Lawrence Block’s Matthew Scudder series has been around since 1976 and is quite famous, so it is more than a bit embarrassing that I only discovered them in 2010. Block is a very prolific writer, and still manages not to sacrifice quality to quantity, at least not for the Matthew Scudder novels who through all of the ten volumes I have read so far have been among the best in crime fiction around.
A Walk Among the Tombstones, like the other novels in the series, has a noir-ish feel to it: it has a prevailing feeling of melancholy, it has the lone wolf crime-investigating protagonist, it has violence and lots of shady low-life characters, it has a somewhat laissez-faire attitude towards vigilante justice and in general heaps of moral ambiguity. But there are also a lot of elements you would not necessarily expect in any hard-boiled crime novel: the protagonist is a recovering alcoholic and in a steady relationships and the treatment of those two subjects covers a significant part of the novel, and it appears (at least to the layman like me) quite solid on investigative procedures – one of the things I particularly liked about A Walk Among the Tombstones is the way Scudder gradually (mostly with persistence and a good portion of luck) pieces together the identy of the main criminal from what at first appear no clues at all.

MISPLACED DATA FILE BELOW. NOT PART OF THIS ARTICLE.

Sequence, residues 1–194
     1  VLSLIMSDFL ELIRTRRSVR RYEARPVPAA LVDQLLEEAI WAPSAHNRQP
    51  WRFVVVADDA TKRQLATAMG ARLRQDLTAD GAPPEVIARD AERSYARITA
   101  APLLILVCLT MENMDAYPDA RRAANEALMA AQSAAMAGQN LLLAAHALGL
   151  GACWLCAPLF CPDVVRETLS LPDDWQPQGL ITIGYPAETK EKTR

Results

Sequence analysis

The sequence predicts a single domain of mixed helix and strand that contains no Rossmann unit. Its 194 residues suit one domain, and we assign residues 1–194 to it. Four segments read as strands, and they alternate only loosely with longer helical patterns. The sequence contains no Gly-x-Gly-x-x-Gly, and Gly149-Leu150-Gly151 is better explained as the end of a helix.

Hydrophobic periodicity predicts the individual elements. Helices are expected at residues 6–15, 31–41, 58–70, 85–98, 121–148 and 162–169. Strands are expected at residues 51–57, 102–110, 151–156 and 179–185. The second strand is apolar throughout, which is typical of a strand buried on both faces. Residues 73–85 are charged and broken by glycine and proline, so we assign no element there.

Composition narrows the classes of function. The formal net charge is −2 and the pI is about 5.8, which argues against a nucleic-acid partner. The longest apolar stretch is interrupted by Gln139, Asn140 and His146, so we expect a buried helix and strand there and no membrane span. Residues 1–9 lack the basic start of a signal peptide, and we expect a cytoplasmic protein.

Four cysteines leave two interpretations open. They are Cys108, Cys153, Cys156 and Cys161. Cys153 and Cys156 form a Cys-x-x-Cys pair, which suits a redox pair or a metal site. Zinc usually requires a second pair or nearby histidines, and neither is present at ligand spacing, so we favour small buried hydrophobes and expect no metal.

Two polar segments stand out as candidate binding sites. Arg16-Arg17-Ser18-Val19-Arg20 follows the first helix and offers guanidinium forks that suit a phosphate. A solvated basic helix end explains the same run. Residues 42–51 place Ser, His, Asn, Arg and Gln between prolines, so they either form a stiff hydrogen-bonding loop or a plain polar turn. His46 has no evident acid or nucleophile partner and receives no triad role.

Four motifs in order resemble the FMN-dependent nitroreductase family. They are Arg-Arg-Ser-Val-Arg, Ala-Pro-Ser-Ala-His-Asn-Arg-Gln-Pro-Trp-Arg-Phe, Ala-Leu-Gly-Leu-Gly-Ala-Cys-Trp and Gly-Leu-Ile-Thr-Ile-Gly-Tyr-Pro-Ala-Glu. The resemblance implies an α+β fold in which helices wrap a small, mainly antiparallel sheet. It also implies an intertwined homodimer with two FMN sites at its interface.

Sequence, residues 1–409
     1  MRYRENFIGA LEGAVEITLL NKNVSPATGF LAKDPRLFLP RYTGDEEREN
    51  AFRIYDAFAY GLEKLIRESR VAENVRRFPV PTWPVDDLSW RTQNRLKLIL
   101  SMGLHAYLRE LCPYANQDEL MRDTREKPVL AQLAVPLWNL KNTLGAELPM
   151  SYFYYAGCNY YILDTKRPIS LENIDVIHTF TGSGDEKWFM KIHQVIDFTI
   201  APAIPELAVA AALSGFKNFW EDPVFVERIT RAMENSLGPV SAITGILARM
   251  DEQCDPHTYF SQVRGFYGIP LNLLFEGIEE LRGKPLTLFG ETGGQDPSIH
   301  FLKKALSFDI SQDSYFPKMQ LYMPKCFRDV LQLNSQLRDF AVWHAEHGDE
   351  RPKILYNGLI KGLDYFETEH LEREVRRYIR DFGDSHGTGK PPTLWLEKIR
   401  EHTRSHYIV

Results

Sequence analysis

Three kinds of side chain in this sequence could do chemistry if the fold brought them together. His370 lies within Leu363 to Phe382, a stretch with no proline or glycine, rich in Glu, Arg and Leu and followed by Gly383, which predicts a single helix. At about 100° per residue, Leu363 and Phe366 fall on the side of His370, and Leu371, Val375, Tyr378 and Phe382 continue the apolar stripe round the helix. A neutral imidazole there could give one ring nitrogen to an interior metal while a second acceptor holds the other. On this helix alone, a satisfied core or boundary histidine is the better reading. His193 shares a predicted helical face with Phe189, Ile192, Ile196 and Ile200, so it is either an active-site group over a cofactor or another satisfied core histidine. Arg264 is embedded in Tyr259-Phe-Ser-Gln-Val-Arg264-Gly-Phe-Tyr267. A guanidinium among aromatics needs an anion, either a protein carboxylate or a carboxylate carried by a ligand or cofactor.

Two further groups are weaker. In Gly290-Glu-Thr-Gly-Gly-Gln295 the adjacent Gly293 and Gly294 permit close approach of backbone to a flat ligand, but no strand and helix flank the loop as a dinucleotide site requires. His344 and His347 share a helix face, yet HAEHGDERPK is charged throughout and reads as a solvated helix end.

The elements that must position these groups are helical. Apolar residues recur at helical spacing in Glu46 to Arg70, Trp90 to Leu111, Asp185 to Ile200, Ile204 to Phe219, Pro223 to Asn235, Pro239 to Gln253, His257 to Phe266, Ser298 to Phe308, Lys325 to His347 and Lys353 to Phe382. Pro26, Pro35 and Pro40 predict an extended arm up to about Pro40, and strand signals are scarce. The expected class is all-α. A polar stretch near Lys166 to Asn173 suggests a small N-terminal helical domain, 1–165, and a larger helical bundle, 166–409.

The only thing that grated on me was the character of TJ, a teenage street kid who is just too good to ring true: he turns out to be some nascent super-sleuth and all but solves the case for Scudder – the character just strained credibility beyond the breaking point for me. On the other hand, the rest of the cast is without exception well-drawn, particularly impressive were the rich drug merchant who hires Scudder and who struggles to escape the moral turpitude his profession has gradually sunk him in and the main criminal who is both spine-chillingly evil and despicably pathetic. Block also manages to keep up the reader’s interest in the ongoing development of his main protagonist Scudder even as he seems on the road of putting his inner demons to rest and come to terms with himself and his life.